First, A Little History

    It's a political cliche to say that if you want a friend in Washington get a dog.

    And the origin of politicians releasing their tax returns goes back to Richard Nixon — and his cocker spaniel.

    Nixon, running as Eisenhower's vice president in 1952, was accused of financial wrongdoing "related to a fund established by political backers to pay for campaign expenses," Joseph J. Thorndike of the Tax History Project wrote in 2012.

    Nixon admitted to taking one gift — Checkers, the family dog — from a donor. "[T]he kids, like all kids, love the dog," Nixon said, "and I just want to say this, right now, that regardless of what they say about it, we're gonna keep it."

    What's become known as Nixon's "Checkers speech" was all an attempt to clear his name. He challenged the Democratic Party ticket, headed by Adlai Stevenson, to "make a complete financial statement as to their financial history," as he believed he had.

    If they didn't, Nixon alleged, it would be proof "they have something to hide." So Stevenson and his running mate, Alabama Sen. John Sparkman, released a decade of their tax returns. Eisenhower, the guy at the top of the ticket with Nixon, even released a summary of his own taxes.

    Nixon, though, did not.

    The practice of releasing taxes didn't become tradition until 21 years later — again involving Nixon. PolitiFact wrote:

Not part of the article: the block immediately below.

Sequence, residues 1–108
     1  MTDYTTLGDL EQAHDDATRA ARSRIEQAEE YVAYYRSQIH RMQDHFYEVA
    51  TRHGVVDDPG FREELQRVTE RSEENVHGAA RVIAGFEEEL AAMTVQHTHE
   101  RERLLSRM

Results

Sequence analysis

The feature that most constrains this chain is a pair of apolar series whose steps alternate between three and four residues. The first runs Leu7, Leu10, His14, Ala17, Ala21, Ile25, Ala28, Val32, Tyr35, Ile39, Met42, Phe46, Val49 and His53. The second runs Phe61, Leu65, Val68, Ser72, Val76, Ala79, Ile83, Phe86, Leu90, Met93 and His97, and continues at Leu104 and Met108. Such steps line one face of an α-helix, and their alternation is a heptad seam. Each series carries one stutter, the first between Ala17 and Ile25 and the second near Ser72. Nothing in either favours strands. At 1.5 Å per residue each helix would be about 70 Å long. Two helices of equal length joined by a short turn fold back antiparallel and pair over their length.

"The IRS audited Nixon in 1973, when questions bubbled up about a fishy charitable donation and speculation that Nixon had tried to game the tax system, according to a paper prepared for the United States Capitol Historical Society. (This happened around the same time as the Watergate investigation but was a separate issue.) Nixon said one of his most well-known lines amid this scandal: 'People have got to know whether or not their president is a crook. Well, I am not a crook'.

    "Nixon eventually released a slew of financial information to the public in December 1973, including the previous four years of tax returns, to try to quell the criticism. He asked a congressional committee to examine them, too. However, the congressional investigation ultimately found that Nixon owed $476,431 (approximately $2.3 million in today's dollars) in unpaid taxes and accrued interest. Oops."

    From that point on, tax-return disclosure became the norm for people wanting to be president.

    Reasons We Care

    1. Conflicts of interest: Almost every candidate who runs for public office is fairly wealthy. (Even the candidates who have the government pay their salary, like Bernie Sanders and Joe Biden, make far more money than the average American.) Because of that wealth, how they made their money (we'll get to heart in a second) can tell you whether they have potential conflicts of interest — who they made that money from.

    Donald Trump holds up a copy of what he says his net worth is in June 2015. It claims his net worth at almost $9 billion, though others have estimated it to be far lower.
    Richard Drew / AP
    Donald Trump holds up a copy of what he says his net worth is in June 2015. It claims his net worth at almost $9 billion, though others have estimated it to be far lower.